The Science of Sustainability

Should Animals Adapt, or Should We Change Our Behavior?

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A walrus takes flight to deal with global warming. Image: Monterey Bay Aquarium.

The Monterey Bay Aquarium has a fun new video about climate change, called Change for the Ocean, to go with their exhibit Hot Pink Flamingos. Narrated by John Cleese and produced by Free Range Studios, the animated video is cute, funny, and pretty effective at conveying the fact that people can change their ways much faster than sea life can adapt to climate change.

Though their point is that human behavior can change quickly while animal evolution happens more slowly, the video shows some pretty fast animal evolution. Flamingos grow longer legs in a matter of seconds, and walruses instantly and miraculously modify their flippers into wings. If you weren’t listening to John Cleese as he says “Sadly, animals evolve far too slowly,” you might just get the wrong idea about how evolution works.

Evolution is generally a slow process. But, as humans can ride bikes to work instead of driving in cars, animals can make behavioral changes in response to climate change, too. Some animals spend more time in the shade, or move to cooler habitats. Others do more than just relocate themselves. In response to the heat, the Arabian oryx, a species of antelope, becomes less active during the day, when it’s hot, and more active at night, when it’s cooler. Other animals, through changes in their behavior, can actually change their physiological response to high temperatures The intertidal sea star Pisaster ochraceus takes up cold water into a cavity in the middle of the body—and this mass of cold water keeps its body cool during low tide. Scientists at the Bodega Marine Lab found that sea stars take up extra water when conditions are hot, and can thus maintain their body temperature. These kinds of changes are not evolution in action—rather, these animals are modifying their behavior to deal with the heat.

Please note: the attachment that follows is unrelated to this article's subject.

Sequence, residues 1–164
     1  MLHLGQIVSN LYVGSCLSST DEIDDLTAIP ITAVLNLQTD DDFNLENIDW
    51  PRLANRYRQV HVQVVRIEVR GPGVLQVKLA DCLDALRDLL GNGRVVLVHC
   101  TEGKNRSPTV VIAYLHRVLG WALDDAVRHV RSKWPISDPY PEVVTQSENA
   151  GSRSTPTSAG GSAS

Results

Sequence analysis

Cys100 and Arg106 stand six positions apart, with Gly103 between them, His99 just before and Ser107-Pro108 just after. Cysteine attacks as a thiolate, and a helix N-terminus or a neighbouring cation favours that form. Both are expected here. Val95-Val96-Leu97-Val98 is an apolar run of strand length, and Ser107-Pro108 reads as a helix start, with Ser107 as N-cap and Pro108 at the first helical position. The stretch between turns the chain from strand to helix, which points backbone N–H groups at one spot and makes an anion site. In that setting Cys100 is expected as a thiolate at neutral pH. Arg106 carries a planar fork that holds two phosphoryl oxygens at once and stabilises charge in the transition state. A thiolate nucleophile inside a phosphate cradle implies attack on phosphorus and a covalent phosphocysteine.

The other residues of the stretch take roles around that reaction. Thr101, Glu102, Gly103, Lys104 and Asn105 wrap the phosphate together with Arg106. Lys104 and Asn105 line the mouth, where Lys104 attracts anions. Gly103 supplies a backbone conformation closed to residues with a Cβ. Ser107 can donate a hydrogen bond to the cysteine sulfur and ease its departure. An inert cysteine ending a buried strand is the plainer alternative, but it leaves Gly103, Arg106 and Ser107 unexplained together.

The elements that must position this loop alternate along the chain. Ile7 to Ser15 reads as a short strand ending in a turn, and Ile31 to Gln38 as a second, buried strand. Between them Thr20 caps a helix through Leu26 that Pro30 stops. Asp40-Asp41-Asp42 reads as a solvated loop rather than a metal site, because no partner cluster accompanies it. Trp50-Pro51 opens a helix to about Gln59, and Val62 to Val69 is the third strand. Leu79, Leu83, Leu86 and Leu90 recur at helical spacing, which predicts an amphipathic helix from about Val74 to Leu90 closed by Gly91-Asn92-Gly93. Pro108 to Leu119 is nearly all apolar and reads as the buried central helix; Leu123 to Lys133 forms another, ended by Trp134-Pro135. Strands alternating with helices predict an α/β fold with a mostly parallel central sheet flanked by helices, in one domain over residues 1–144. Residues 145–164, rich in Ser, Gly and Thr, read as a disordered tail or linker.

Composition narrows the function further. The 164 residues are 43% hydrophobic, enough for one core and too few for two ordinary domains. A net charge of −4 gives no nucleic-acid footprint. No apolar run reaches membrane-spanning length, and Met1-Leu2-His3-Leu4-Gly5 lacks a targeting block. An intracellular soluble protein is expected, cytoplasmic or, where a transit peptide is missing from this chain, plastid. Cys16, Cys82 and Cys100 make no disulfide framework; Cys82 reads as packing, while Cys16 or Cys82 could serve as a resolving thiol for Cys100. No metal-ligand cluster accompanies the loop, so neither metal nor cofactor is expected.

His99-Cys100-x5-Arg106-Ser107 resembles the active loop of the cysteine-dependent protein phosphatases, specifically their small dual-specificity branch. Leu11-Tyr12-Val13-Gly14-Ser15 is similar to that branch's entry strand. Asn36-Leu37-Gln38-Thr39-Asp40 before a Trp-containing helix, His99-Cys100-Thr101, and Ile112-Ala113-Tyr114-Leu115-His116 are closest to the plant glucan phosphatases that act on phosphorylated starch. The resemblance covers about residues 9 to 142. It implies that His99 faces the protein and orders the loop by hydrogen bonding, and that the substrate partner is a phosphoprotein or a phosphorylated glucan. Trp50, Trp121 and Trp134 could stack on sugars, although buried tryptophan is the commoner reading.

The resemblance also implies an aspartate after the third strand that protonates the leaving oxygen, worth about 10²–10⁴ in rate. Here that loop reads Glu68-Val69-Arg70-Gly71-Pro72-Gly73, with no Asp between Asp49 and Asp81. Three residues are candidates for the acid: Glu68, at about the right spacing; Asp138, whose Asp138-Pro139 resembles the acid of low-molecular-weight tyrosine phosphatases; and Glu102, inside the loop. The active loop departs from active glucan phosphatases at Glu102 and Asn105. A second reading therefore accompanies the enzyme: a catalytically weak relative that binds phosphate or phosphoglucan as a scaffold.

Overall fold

Like the animals, we humans can change our behavior to deal with a warming world. But we have a second option, which the animals don’t have: we can change our behavior—in big ways—to prevent the world from getting quite so warm in the first place.

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Jennifer Skene

About the Author ()

Jennifer Skene develops curriculum on climate change and ocean sciences at the Lawrence Hall of Science and teaches biology and science communication at Mills College and the University of California Berkeley. She has a degree in biology from Brown University and a Ph.D. in Integrative Biology from UC Berkeley. She started working with QUEST in 2008 as an intern. She has written for the Berkeley Science Review and the UC Museum of Paleontology’s Understanding Evolution and Understanding Science websites.